I could use some advice (Graduate school / longish)

I would like some help with this. I’m feeling a bit frustrated right now and I don’t know what the right course of action is for me.

I am currently enrolled in law school and I’m not particularly happy. It isn’t terrible; I do find some of the material intellectually stimulating. The problem is that I think I got into it for the wrong reasons. I don’t particularly want to be an attorney nor do I find legal studies all that engaging with some few exceptions. I do my work but I don’t particularly enjoy it and I can’t say I’m excited about my prospects after graduation.

Part of the problem, I believe, is that I came in believing I could convince myself to like it. I wanted to like it. It’s a good choice if that’s what you so desire. There were a number of other pressures which factored in, but I think that was a significant one.

I’ve been reluctant to change paths for a variety of reasons, but included among them is my desire not to look like a screw up or a failure. I don’t want to be seen as a quitter and this makes it hard to think about changing course.

So now I’m in law school and I feel like I’m blowing money and spending time training for something I’m sure I don’t want to do.

The thing is that what I really want to do is teach. I’ve wanted to for years. I enjoy academia and I find research interesting, but what I really would like to do is to teach. I probably should have sought out that path initially, but I didn’t and so now I’m left reconsidering.

In many respects I’m sitting here feeling terribly irresponsible because I want nothing more than to leave law school after this semester and start working my way towards a graduate program and eventually (I hope) a Ph.D so I could start teaching.

I have no certainty of actually getting into a graduate program (though it was suggested I start taking graduate courses now to boost my application) while on the other hand I am actually in law school and can count on that.

So, I’m sitting here wondering what to do. Stick with a program I don’t really enjoy and don’t particularly want to continue or take a risk and shoot for the program I really do want. Or take some unknown third option.

Have any of you been in similar circumstances? How did it work out?

On a side note: Will having been in law school and left for a Ph.D can’t against me for graduate admissions?

My question for you is why do you need a PhD to teach? What’s the draw of teaching? Any chance you could be content teaching at a level which doesn’t require the PhD?

It’s ok if the answer is that you want a PhD to teach the subject or the kind of students that you want to teach, but I’m a little afraid that the amount of time and energy one is required to spend getting the PhD may turn out to be as offputting as the law school is now.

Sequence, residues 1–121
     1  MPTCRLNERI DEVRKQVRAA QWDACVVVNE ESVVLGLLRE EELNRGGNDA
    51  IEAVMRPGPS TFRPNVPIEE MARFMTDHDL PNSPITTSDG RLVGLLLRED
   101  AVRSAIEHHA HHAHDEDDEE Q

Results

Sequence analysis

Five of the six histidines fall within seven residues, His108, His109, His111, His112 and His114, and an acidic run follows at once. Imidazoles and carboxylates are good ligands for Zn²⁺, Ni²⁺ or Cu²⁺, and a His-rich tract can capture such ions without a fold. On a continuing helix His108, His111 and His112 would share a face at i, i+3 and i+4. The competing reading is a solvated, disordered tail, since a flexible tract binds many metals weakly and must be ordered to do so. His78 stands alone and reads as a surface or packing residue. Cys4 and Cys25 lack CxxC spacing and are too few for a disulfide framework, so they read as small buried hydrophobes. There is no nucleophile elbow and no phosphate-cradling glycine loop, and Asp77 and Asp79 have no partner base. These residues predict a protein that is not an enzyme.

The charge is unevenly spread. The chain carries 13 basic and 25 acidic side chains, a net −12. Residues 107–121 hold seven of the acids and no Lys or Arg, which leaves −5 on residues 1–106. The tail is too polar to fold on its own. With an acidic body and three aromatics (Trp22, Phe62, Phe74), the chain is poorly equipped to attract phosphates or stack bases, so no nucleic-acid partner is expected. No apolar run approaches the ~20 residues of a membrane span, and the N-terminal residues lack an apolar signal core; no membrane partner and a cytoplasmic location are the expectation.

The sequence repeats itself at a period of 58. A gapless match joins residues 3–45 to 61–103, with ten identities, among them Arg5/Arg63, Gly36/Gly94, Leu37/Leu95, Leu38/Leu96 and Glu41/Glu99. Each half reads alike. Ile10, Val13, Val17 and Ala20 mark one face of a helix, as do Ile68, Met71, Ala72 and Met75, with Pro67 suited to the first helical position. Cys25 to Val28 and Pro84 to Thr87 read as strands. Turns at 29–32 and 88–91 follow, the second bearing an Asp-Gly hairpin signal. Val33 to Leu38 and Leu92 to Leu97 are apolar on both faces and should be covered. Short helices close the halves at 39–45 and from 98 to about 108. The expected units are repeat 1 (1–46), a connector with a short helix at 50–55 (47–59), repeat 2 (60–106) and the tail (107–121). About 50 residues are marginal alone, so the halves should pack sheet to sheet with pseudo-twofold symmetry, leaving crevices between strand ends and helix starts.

And if all you want to do is teach, there are other ways of accomplishing that.

I think you could make worse choices than finishing this semester with as good grades as you can manage and then leaving law school. Spend the spring and maybe the summer pursuing volunteer teaching opportunities that don’t require a PhD, while you apply to grad school.

(How long have you been in law school? And what field are you interested in studying in grad school? You don’t have to answer, but it may affect the advice you are given).

It’s ok to change your mind, and change your life plan. Many people have done so, many more will do so in the future. You don’t say anything about your grades or your GRE scores (Not that you need to provide that info). Or your willingness to relocate.

I’m inclined to urge you to follow your heart, but I have real misgivings about any plan which requires a PhD to pursue it–of course, maybe that’s because I’m feeling a little dissapointed with the outcome of my pursuit of graduate education and my employment status.

First, quit feeling guilty about wanting to leave. If it’s not for you, you shouldn’t be wasting your time, money and energy on it. Academics are really good at making you feel like you are a failure for not wanting to be on their career path. So, don’t expect too much empathy from the law school faculty (though you might be surprised). If you want support for this choice, go to the forums at www.chronicle.com. That is the site for the Chronicle of Higher Education. Many people there pursued the PhD so they could teach.

You don’t say what field you want to teach and that will make a huge difference in your possible paths. However, for most fields, academic positions are very hard to land. So, be sure you really understand going in that this will be a long, hard, very-poorly-paid road. Only consider it if you really love it. You need to love doing it, talking about it, reading about it. Otherwise, you will burn out very quickly. But if you love it, it’s a great job.